Last week, we discussed the changing nature of 2-year-old maiden races — races restricted to horses seeking their first-career victory — as fall approaches.
Now, let’s take that a step farther and discuss maiden races in general, especially those with a heavy favorite.
While some people have little interest in odds-on favorites in any type of race, in maiden races you’re playing with more dynamite.
As dominant as a big favorite might seem in a maiden race, the problem is that you’re dealing with a horse that has never won. Something kept it from winning its previous races and that could happen once again, adding to the risk in wagering on that horse.
In some cases, that horse might be making its first start, meaning there’s no telling if it can break from the gate properly or whether it will be a champion or one of those horses no one remembers in the next year.
And, to take odds as low as 1-2 or 3-5 on horses like that? Well, let’s just say if you are going to bet on a 1-2 shot, it makes more sense to accept those odds in races featuring older horses with proven levels of ability as opposed to a maiden race in which so many question marks can be applied to the favorite and everyone else in the race.
A good example of this can be found in the fourth race at Belmont Park on Sept. 11, when Amapola was sent off as a 0.45-1 favorite — that means she would have paid $2.90 for a $2 win bet — in a maiden special weight race for 2-year-old fillies.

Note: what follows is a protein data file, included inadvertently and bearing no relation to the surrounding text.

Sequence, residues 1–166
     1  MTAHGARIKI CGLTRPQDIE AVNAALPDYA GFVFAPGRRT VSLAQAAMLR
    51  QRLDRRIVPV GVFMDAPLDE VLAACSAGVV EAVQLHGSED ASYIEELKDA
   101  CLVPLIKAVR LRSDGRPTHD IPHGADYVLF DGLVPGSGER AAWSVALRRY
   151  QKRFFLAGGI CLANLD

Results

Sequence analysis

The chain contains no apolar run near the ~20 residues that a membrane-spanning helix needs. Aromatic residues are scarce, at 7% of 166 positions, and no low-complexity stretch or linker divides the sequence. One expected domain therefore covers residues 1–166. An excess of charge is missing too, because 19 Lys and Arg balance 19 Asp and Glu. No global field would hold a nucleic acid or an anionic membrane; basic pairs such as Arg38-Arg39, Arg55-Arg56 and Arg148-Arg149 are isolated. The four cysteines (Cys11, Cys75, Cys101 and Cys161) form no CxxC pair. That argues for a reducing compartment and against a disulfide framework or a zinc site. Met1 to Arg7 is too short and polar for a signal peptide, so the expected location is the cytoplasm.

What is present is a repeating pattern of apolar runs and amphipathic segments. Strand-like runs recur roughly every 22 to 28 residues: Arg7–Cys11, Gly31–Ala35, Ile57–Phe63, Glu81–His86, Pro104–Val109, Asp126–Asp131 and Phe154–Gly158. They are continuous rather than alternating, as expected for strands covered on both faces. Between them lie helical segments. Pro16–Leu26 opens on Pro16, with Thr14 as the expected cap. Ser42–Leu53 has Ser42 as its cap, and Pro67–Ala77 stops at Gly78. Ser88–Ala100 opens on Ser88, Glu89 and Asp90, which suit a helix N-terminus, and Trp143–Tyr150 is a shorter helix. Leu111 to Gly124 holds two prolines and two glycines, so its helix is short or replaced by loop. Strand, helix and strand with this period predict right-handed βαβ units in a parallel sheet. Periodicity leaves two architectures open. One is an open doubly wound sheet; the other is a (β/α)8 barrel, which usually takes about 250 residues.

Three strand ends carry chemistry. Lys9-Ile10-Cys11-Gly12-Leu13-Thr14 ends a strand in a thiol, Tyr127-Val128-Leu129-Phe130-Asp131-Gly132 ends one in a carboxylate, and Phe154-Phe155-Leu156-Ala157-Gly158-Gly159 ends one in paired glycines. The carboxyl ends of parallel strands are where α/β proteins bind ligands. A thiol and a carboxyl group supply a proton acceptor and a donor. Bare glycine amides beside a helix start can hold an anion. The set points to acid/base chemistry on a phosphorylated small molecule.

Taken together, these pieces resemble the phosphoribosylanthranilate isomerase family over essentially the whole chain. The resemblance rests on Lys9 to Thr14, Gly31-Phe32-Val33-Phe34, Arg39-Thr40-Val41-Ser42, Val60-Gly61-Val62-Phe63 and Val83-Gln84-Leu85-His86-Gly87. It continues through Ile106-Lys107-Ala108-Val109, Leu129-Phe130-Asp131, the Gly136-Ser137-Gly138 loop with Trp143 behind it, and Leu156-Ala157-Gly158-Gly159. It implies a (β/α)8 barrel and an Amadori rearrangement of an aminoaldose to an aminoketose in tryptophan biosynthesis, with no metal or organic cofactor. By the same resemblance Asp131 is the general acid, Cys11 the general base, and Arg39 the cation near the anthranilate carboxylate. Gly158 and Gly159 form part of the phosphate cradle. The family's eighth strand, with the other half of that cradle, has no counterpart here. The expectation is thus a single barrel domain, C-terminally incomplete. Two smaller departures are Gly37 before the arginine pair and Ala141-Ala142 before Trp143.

Amapola is trained by a Hall of Famer in Bill Mott. She actually won her debut on May 25 at Gulfstream Park — by 9 ¾ lengths no less — but was disqualified and placed sixth.
On Aug. 7 at Saratoga, in her first race for Mott, she was second as a 9-5 second choice.
Next came the Sept. 11 race, a race that included six first-time starters and only one horse that finished better than fifth in her last start among her 11 opponents.
Amapola was certainly a standout against that field, but was she worth the investment at odds of less than 1-2?
Boxed in the exacta, yes. But the win pool, no.
In her Saratoga race, Amapola had tired a bit in the final furlong of a 5 ½-furlong race and the same thing happened at six furlongs at Belmont. After opening a two-length lead at the eighth pole, Amapola again tired and wound up second. She was beaten by a half-length by Yellow Agate, a 32-1 shot making her career debut for trainer Christophe Clement.
On paper, Amapola looked much better than Yellow Agate, but Clement’s horse was clearly more talented than she showed in her workouts — something that’s hardly unusual in a maiden race — and those handicappers who backed her instead of the odds-on favorite collected $66 for their $2 win bets, not to mention $168 if they used her in the exacta over Amapola.
Of course, this doesn’t mean you should never back an odds-on favorite in a maiden race.
Betting them to win or on top in exactas definitely offers a weak risk/reward ratio. Yet, if you’re betting a Pick 3 or Pick 4 or even a Daily Double with a longshot in the other leg, you would hate to miss out on a decent payoff.
For example, in Amapola’s Saratoga race, she was sent off as the 9-5 second choice in a race won by the 8-5 favorite Cherry Lodge.
Thanks to winners that paid $15.60 and $9.80 ahead of her, Cherry Lodge capped a $343 Pick 3. Rather than miss out on that type of a ticket, using the heavy favorite in a maiden race with one or two other horses makes sense.
What can get a handicapper in trouble in the long run is chasing a favorite like Cherry Lodge in win or exacta bets in that Aug. 7 race when the payoff was $4.90 to win and $14 in the exacta. For payoffs like that, there are far more reliable races with proven runners in which you can wager with more confidence on horses that look like they can’t lose.
Remember those words: can’t lose. In a race in which no one has ever won, they should be very hard to say.